Facebook will start treating politicians like everyone else. The company’s controversy-plagued policy has been shielding politicians from its strict content moderation rules.
Facebook will end a policy that mostly protects politicians from repercussions even if they violate the hate speech rules of the site, an insider told The Washington Post. The move is likely to change how elected officials use the social network globally.
Facebook is likely to announce the change on Friday. The move comes after the Oversight Board supported its decision to suspend former U.S. President Donald Trump, but criticized the special treatment politicians get on the platform.
Breaking: Facebook plans to stop shielding politicians from the content rules it applies to everyone else, a sharp reversal from its position that all speech from elected officials is inherently newsworthy.
Could have big ramifications globally! https://t.co/enZ7tXQClU
— Alex Heath (@alexeheath) June 3, 2021Advertisement
The Facebook-funded independent group insisted that the “same rules should apply to all users.” The board will wait until June 5th for Facebook’s response about its policy recommendations.
Facebook could end its exemption for politicians
Facebook will no longer consider the newsworthiness of a politician’s post more valuable than its hate speech rules, citing the Oversight Board’s ruling on Trump. The company can keep a post up due to its newsworthiness. However, it will have to make its decision public, the Post reported.
Moreover, regular users will be notified about strikes that could lead to their account’s suspension, two people familiar with the changes told The Verge. Users earlier received account strikes when their content crosses limits and deserves a suspension.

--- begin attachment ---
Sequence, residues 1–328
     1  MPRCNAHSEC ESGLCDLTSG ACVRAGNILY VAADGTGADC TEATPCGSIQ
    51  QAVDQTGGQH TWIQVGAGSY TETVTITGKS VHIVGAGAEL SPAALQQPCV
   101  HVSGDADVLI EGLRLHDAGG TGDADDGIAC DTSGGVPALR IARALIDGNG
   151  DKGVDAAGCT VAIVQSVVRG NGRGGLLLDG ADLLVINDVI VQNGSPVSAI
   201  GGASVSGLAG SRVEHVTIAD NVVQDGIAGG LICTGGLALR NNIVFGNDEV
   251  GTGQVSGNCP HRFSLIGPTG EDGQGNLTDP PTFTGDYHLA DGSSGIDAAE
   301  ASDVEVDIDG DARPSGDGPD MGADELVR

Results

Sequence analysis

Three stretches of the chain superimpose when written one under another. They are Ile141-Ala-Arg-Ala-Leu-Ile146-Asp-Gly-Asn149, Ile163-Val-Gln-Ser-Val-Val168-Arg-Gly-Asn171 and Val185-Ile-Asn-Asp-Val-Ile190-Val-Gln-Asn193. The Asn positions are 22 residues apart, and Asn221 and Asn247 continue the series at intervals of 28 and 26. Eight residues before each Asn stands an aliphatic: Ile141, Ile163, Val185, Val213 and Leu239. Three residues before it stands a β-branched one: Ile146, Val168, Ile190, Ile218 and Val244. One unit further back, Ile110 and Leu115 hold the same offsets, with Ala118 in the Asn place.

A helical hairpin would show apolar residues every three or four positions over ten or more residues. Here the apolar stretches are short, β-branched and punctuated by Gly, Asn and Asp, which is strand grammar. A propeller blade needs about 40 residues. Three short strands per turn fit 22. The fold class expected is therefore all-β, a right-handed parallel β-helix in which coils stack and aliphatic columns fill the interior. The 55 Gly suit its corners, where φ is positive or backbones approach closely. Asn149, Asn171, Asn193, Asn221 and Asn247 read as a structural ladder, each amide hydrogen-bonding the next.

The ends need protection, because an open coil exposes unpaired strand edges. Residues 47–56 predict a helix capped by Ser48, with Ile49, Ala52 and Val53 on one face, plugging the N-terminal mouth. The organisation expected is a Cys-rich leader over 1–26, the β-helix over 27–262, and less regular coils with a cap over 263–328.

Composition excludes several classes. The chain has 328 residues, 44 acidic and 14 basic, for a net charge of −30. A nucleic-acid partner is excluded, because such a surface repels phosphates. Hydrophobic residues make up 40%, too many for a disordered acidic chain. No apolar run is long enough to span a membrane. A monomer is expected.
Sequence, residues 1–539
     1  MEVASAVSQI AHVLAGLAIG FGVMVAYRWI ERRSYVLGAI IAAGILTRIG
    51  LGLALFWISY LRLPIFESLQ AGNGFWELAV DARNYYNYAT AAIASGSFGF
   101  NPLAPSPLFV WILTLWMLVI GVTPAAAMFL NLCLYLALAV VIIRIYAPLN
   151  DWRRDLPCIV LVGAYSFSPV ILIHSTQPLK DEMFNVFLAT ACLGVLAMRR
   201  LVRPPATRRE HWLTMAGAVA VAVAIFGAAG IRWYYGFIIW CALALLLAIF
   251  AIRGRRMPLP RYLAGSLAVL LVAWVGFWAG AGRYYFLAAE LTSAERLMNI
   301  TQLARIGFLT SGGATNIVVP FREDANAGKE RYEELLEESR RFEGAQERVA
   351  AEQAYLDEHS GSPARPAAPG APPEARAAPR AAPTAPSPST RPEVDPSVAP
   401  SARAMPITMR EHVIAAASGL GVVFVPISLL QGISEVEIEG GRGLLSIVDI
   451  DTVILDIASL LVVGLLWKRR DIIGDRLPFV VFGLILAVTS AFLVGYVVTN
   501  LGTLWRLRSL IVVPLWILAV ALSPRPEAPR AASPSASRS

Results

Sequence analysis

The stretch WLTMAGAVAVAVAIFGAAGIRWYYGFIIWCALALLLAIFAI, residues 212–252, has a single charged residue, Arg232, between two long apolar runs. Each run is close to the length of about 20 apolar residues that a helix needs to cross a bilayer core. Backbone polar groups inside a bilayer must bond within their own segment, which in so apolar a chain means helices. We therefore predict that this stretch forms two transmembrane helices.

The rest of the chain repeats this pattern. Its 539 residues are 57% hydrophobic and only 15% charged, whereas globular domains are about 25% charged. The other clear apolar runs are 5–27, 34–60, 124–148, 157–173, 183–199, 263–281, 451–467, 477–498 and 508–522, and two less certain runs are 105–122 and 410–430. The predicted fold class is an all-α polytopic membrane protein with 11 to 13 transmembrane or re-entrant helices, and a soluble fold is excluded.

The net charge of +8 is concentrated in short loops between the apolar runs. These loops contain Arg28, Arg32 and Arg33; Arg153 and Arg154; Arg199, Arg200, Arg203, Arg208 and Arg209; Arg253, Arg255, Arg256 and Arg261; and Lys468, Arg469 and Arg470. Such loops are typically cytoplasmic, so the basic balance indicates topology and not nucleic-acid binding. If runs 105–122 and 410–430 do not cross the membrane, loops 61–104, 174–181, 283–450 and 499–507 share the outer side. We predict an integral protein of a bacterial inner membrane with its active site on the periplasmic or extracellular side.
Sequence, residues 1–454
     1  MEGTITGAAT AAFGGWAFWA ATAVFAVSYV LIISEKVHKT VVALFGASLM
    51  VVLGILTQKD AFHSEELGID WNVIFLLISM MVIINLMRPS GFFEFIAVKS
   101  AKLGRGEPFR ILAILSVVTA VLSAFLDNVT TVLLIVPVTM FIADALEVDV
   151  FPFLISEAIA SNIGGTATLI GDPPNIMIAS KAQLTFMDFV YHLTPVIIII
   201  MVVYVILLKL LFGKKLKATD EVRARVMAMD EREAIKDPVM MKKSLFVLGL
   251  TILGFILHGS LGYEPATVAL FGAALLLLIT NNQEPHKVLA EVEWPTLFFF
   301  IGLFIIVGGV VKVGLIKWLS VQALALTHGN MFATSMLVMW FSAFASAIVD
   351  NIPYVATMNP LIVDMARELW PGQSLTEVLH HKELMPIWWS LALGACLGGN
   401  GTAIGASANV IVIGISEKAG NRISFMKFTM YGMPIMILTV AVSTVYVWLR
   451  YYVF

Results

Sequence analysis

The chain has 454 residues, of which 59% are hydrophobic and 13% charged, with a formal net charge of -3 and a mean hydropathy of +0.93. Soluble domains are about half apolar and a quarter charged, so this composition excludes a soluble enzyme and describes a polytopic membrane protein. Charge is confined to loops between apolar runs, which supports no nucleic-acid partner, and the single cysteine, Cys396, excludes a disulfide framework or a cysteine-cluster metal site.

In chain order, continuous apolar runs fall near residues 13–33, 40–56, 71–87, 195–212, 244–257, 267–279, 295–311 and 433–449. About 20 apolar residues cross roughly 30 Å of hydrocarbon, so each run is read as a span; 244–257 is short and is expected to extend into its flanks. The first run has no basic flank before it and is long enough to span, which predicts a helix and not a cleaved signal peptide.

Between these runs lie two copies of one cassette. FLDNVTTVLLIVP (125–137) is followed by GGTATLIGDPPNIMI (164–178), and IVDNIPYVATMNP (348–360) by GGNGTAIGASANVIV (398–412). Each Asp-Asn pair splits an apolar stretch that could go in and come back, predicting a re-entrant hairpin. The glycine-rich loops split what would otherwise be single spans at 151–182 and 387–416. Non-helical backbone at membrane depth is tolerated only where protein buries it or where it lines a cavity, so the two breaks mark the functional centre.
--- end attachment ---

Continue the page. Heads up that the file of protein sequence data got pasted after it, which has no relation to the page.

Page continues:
With the change, users will be aware when they receive a strike. Facebook drew flak in the past for keeping politicians’ accounts active even after breaking content moderation policy.
Social media giants have been catching flak lately
Facebook and other equally popular Silicon Valley giants have been subject to potential new regulations over privacy and transparency-related issues. Aside from that, they have faced a major antitrust lawsuit in the U.S.
The Oversight Board could set an example for countries. Several countries are trying to regulate how social media companies check content on their platforms.
On the downside, it could delay the need for regulation since a solution is already available, according to experts.
In 2018, Facebook CEO Mark Zuckerberg recommended setting up an independent body that would monitor controversial decisions made by the social network. The idea was to monitor the company’s power, which was criticized by government officials for not restricting the spread of Russian disinformation, hate speech, and provoking political discourse.
Facebook selects the members of the Oversight Board. However, it has given the board the power to make decisions on wrongly removed or kept content. The twenty members of the board can issue voluntary policy recommendations.